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Catherine Zeta Jones and Michael Douglas arrive to attend the Vanity Fair party to begin the 2012 Tribeca Film Festival in New York, April 17, 2012. (LUCAS JACKSON/REUTERS)
Catherine Zeta Jones and Michael Douglas arrive to attend the Vanity Fair party to begin the 2012 Tribeca Film Festival in New York, April 17, 2012. (LUCAS JACKSON/REUTERS)

The Zeta-Jones effect: Do celebrities hinder causes they suffer from? Add to ...

When celebrities speak openly about their mental illnesses, it helps bring attention to conditions that are not often discussed in public.

But instead of lifting the stigma around mental illness, could they actually make people less understanding?

Max Pemberton, a doctor and columnist for The Telegraph, argues that celebrities give a warped impression of what it is like to suffer from mental illnesses. The “general public only ever hears about the celebrity ‘mental-illness-lite’ version,” he writes. “For most people, their diagnosis is not some quirk to be dragged out when they have a book, TV programme or film to promote.”

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Pemberton recalls running a support group of psychiatric patients who were furious that a well-known television personality had given a media interview about being diagnosed with bipolar disorder. Their anger was not fuelled by envy or jealousy of the star’s multimillion-dollar lifestyle, he says. Rather, it was because this celebrity had taken on the role of a spokesperson for bipolar disorder, and yet his fellow sufferers could not relate to his experience.

Pemberton also takes aim at actress Catherine Zeta-Jones, who has openly talked about being admitted at a private psychiatric hospital for a few days last year to be treated for bipolar disorder. Although he acknowledges that patients’ conditions vary, the prevailing narrative that celebrities promote is “the ‘it’s made me stronger’ narrative,” he says. Individuals who have more severe conditions are rarely represented.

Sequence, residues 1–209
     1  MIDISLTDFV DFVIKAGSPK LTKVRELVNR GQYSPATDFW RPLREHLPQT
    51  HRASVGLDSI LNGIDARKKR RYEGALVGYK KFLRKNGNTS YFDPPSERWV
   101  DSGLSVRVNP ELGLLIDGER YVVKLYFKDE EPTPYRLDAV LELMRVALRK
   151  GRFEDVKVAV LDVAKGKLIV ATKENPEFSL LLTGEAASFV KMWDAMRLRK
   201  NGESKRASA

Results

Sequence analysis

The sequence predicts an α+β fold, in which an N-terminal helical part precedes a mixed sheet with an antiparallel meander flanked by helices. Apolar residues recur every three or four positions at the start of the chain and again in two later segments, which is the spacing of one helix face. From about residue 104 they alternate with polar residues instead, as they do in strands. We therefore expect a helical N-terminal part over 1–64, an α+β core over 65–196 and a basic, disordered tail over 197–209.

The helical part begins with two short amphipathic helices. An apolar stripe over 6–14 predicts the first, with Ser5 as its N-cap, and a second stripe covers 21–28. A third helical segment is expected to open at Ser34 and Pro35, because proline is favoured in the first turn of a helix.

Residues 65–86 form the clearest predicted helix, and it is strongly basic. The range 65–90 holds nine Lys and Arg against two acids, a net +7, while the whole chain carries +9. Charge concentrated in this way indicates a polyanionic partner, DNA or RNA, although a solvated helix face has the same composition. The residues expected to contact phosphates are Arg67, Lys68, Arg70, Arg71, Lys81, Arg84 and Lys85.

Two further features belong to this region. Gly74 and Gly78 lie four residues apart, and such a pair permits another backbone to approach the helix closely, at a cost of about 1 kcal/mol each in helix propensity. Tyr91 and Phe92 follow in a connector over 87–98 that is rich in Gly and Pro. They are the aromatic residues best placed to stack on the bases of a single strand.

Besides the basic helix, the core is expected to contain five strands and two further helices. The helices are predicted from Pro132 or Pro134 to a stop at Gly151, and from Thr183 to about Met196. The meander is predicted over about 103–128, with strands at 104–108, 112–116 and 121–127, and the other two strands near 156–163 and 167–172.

He asks: “Can you imagine how a boss might react when told that someone needs weeks or even months to recover from a relapse, when it appeared to take Ms Zeta-Jones not much more than a long weekend?”

As one commenter whose wife suffers from long-term psychosis explains on The Telegraph website: “I'm afraid like others, I cant [sic] really see any relationship between Catherine Zeta-Jones’s illness and ours. Support for ordinary people is pretty much non-existent.”

Zeta-Jones’s mental illness should not be trivialized, nor should any one else’s for that matter. But Pemberton’s column does encourage some reflection on how celebrities with mental illnesses are portrayed. Indeed, those who are seen to have triumphed over their illnesses are often applauded.

But sadly, certain stars who appear to suffer severe mental conditions or who have not overcome their illnesses (think actors Anne Heche or Brenda Fricker) are often marginalized by comparison.

Follow on Twitter: @wencyleung

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